Mr. Jackson lets me take hold of the handles, turns it on, and electricity seems to shoot up my arms. My hands tingle and shake, my wrists and arms vibrate, my shoulders kind of jump as if someone snapped a big rubber band between them. Then the machine jumps like it has a mind of its own. My grip tightens. How can I guide it?
“Back and forth! Back and forth!” the man yells, reaching for the handles he can’t get because they’re jerking around so much and I’m in the way.
This thing is like an animal, like a big steer I’m trying to bulldog but can’t. I’m hung by my hands on its horns and afraid to let go. So for those seconds it does what it likes. Until my fingers and palms on the handles instruct me in how it is moving so I start to respond more like those dancers I see on TV, moving this way and that as if they’re on rollers. Now it’s my partner, I have to meet its embrace with my own.
“You got it! Like that!” I hear the boss yell, so close his breath hits my ear. “A little right, then left! There you go! Don’t press down or rush it! Nice and even and flowing!”
It looked easy when he did it, but going slow with the sander, making little arcs, which I told him I could do, is hard. My muscles tire so I have to rest them, not long, just a moment, and then I get a rhythm to that and I see how to do it and know for the first time I can.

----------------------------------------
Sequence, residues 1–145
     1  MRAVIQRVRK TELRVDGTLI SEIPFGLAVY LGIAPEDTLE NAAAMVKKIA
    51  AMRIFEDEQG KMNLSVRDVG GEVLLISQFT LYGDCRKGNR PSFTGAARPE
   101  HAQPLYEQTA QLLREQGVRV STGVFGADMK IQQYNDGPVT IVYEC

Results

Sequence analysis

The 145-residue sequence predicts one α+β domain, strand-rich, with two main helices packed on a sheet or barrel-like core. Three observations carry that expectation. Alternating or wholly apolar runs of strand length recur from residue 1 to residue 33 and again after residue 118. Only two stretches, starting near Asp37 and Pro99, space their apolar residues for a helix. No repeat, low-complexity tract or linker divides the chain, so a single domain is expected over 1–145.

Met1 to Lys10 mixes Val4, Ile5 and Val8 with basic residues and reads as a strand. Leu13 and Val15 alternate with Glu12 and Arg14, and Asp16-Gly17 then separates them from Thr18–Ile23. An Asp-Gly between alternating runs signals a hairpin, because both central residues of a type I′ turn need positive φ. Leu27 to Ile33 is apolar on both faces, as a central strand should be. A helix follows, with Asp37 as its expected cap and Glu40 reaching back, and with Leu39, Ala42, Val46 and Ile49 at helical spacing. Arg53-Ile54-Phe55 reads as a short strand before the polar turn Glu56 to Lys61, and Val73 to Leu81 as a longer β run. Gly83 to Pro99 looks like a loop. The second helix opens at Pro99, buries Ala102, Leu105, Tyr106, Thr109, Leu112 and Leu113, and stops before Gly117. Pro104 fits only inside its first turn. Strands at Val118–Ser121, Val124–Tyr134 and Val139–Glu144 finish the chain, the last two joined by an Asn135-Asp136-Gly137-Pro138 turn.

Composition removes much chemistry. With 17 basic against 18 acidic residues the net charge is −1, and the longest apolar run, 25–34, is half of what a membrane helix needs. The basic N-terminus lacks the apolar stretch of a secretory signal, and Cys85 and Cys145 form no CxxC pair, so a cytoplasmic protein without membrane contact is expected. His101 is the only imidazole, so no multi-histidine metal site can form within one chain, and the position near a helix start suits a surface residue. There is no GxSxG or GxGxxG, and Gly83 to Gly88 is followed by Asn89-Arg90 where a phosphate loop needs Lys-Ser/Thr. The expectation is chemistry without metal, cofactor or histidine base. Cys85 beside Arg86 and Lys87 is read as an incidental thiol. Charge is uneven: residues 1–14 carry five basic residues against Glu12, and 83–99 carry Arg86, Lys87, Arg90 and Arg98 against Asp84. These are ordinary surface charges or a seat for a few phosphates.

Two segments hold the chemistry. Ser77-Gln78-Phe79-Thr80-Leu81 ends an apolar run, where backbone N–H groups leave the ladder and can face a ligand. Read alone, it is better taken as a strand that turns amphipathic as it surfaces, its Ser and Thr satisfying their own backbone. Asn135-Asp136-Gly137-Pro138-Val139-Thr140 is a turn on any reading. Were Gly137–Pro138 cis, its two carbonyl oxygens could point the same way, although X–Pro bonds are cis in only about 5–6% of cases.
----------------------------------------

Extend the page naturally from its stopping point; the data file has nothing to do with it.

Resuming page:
About this time the work becomes fun, like sweeping the thing over the floor is a way of putting my hands flat on the wood, like my arms have grown four feet longer and my hands have gone rough enough to clear off the surface. The whirling head blows off the sawdust and slowly I see what I’m doing. The wood of the floor is as old as the hills, and I’m like a farmer harvesting something. The grain is exposed and the room collects what I’m reaping as if it’s a basket.
Like a time machine, it takes me two hundred years or so back so I see the axes, the saws running in mills, the hard hands of old-timers smoothing the boards, the home rising up like a natural part of the earth. This was a rich home for those times. I see children in gingham admiring it, glad for the moment just to be off the dirt, unable to imagine a boy like me some day in the future baring this beauty, the forest that their fathers and mothers brought inside to furnish this tiny bedroom.
Bill Vernon served in the United States Marine Corps, then studied English literature in Ohio and taught it. Writing is his therapy, along with exercising outdoors and doing international folkdances. His poems, stories, and nonfiction have appeared in a variety of magazines and anthologies, and Five Star Mysteries published his novel Old Town in 2005.